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Re: [tor-talk] How do the OBFS4 "built-in" Bridges work?

On Sun, Apr 29, 2018 at 03:41:47PM -0400, Nathaniel Suchy (Lunorian) wrote:
> Thank you for clarifying that. The obfs4 bridges you can get at
> bridges.torproject.org also pose an interesting risk, the ports each
> Bridge IP Address is using seem to be non-standard, I'm in the US and
> most networks I am at do not censor although sometimes certain ports at
> public wifi networks are blocked, could a threat actor threatening you
> or tor users in general realize an IP Address was a Tor Bridge by
> identifying a large amount of traffic to a non-standard port on random
> datacenter IP Addresses?

Yes, it is possible. There's nothing magical about how Tor sends the
traffic and none of the currently-deployed pluggable transports
significantly modify a users traffic pattern. A network operator could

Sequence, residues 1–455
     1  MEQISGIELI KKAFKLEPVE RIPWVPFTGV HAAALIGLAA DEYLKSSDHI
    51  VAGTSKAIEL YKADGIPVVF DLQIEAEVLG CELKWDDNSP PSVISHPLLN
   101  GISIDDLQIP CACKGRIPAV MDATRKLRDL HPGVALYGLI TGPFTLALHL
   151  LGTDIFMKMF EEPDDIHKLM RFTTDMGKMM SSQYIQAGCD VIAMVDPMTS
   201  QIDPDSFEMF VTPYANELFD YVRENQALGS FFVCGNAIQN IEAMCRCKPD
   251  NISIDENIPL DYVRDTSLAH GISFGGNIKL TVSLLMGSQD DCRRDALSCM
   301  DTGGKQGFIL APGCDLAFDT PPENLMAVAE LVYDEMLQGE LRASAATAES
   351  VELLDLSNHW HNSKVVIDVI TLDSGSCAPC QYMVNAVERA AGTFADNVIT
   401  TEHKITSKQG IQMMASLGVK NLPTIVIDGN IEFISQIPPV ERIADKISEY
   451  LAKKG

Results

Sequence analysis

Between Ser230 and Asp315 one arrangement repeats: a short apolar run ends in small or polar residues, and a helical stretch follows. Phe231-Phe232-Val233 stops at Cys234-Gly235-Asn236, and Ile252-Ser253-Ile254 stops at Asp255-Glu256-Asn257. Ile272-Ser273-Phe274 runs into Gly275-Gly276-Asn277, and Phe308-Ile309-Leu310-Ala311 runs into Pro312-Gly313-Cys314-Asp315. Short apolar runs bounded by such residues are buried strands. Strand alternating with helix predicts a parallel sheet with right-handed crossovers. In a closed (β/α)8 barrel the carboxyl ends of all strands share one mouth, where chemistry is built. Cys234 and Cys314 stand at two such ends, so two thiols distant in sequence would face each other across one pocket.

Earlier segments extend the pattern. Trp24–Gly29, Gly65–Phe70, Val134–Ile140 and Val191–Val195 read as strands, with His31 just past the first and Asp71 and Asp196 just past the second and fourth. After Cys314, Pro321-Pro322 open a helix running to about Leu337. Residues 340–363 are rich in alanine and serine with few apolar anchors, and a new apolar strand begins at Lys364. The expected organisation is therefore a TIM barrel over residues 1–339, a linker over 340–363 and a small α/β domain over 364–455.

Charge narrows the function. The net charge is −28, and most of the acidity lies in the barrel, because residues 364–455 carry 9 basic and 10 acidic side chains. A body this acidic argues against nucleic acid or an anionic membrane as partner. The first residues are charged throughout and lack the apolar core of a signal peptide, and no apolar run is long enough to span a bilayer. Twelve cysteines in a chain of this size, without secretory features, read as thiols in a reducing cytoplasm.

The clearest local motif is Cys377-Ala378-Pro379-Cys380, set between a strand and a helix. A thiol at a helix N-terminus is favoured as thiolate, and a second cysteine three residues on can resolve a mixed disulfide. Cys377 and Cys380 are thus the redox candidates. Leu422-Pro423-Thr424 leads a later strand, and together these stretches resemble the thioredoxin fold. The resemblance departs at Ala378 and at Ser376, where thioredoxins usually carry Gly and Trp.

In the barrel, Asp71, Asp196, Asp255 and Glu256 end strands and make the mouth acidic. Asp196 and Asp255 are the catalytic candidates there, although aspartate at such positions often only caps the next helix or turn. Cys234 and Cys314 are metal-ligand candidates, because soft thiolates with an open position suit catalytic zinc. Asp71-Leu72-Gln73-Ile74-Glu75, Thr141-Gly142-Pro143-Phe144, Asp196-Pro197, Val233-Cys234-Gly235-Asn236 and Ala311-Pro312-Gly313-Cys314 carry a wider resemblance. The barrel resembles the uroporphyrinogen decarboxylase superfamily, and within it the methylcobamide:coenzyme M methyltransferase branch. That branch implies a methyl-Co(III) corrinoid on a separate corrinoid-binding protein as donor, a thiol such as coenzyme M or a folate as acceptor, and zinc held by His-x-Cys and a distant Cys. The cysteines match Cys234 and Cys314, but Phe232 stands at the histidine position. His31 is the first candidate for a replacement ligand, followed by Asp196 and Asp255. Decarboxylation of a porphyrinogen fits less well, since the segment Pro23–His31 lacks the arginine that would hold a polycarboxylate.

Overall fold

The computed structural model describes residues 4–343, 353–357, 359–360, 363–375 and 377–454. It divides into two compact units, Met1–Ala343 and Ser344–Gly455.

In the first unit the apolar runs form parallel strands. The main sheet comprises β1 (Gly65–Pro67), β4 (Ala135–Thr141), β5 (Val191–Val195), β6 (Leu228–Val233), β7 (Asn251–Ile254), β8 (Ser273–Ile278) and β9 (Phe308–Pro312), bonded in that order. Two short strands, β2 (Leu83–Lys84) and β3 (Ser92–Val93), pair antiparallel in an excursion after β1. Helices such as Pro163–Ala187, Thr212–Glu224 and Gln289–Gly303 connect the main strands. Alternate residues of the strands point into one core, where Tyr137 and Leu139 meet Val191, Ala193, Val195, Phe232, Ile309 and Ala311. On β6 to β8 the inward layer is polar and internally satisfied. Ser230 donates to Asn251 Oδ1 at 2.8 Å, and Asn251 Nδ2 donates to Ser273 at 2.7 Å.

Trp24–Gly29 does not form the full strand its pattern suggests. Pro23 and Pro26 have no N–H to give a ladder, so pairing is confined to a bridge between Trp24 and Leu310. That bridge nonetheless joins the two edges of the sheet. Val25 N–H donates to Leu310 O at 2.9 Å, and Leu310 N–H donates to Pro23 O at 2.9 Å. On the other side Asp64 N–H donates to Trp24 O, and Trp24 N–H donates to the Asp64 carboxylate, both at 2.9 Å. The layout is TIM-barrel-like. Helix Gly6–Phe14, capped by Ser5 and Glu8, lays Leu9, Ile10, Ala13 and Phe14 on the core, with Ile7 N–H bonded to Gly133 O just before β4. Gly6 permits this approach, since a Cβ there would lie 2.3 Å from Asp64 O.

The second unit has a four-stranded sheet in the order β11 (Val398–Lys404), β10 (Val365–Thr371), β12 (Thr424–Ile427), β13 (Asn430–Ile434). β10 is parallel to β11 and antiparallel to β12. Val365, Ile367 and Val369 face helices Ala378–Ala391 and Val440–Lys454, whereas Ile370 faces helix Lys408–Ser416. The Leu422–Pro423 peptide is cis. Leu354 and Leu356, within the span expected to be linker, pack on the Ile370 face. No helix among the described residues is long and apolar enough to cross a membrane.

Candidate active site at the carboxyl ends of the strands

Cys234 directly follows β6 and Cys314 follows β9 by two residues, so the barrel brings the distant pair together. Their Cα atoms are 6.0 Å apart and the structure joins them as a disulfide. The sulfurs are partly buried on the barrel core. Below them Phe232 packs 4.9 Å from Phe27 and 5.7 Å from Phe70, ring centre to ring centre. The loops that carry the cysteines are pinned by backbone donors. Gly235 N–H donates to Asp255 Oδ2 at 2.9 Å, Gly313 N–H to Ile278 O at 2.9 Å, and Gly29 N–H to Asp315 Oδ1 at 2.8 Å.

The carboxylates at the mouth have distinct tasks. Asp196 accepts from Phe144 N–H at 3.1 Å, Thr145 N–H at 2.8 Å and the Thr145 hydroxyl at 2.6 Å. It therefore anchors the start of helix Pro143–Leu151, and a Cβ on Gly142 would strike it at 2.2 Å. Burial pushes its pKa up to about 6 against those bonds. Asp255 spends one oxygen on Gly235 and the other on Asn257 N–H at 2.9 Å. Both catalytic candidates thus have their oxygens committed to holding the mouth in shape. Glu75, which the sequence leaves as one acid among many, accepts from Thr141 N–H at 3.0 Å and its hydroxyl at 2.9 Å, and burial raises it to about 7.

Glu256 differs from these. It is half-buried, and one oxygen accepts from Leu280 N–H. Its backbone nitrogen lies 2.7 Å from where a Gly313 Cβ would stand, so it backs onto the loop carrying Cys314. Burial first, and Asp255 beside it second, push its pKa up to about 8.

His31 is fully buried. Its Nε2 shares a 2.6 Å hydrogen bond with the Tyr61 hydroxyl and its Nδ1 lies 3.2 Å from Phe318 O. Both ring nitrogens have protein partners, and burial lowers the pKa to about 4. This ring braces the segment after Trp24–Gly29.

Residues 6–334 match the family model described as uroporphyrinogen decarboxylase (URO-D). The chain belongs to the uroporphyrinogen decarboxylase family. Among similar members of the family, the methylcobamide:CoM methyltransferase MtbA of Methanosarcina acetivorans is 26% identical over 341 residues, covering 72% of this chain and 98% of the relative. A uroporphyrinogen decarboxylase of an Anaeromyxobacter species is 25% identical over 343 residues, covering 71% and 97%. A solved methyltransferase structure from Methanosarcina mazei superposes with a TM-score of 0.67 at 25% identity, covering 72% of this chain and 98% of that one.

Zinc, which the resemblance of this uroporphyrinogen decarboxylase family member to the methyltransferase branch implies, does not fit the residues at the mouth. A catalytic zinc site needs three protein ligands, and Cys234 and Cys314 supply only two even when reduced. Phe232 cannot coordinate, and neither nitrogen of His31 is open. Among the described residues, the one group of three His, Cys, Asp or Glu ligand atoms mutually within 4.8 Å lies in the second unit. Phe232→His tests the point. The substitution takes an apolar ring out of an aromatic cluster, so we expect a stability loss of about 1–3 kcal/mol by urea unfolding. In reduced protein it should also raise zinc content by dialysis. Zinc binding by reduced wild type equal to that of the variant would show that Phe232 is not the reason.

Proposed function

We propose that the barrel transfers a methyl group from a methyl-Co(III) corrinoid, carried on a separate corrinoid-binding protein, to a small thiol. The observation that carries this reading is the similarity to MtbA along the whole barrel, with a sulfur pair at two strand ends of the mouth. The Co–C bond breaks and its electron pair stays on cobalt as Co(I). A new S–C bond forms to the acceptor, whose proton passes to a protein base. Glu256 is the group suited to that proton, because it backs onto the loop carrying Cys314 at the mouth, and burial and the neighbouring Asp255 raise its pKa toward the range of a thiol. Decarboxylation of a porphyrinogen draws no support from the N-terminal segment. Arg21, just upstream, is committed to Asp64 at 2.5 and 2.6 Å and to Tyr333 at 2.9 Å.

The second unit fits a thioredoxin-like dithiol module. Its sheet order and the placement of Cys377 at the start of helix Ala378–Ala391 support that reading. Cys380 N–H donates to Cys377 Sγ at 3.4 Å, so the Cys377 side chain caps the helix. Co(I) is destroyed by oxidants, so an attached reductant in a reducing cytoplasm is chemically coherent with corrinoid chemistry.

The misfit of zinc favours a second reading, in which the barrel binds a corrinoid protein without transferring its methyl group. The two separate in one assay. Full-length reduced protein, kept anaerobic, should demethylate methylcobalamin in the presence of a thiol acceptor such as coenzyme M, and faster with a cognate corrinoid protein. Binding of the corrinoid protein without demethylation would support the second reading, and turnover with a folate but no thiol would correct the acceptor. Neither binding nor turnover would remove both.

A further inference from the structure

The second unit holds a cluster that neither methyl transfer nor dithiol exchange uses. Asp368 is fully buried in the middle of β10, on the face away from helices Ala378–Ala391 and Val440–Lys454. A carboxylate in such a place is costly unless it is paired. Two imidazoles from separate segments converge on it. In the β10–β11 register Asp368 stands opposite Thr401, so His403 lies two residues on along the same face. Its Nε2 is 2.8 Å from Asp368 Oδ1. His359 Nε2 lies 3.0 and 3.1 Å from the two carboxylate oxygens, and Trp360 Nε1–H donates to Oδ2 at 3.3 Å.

observe strange traffic from a client, where the destination is a rarely
used IP address and the port number is non-standard. This could be a Tor
connection or it could be a brand-new up-and-coming app which could
revolutionalize the world. What does the network operator do? Do they
block the traffic because it *could* be a connection into the Tor

Of course, there is the next step the network operator could take -
active probing. If they suspect a connection is into a Tor bridge, then
they can try connecting to it, and if it responds like a Tor relay then
they can classify it as "Tor". The obfs4 pluggable transport includes
active probing protection where the client must have the bridge's
non-public second identity key as requirement for establishing a
connection with the bridge. If the client does not have this identity
key, then the initial obfs4 connection will fail and the server will
not leak the fact there is a Tor bridge underneath it.

> You can tell Tor Browser your Firewall only allows connections to
> certain ports which I assume when used with bridges would help further
> hide the fact you are using Tor.

Not necessarily. That option only tells Tor "don't choose a relay as my
first-hop (guard/entry relay) if I know it will be blocked". This simply
avoids choosing a relay listening on port 9999 when we already know the
network firewall only allows ports 443 and 80.
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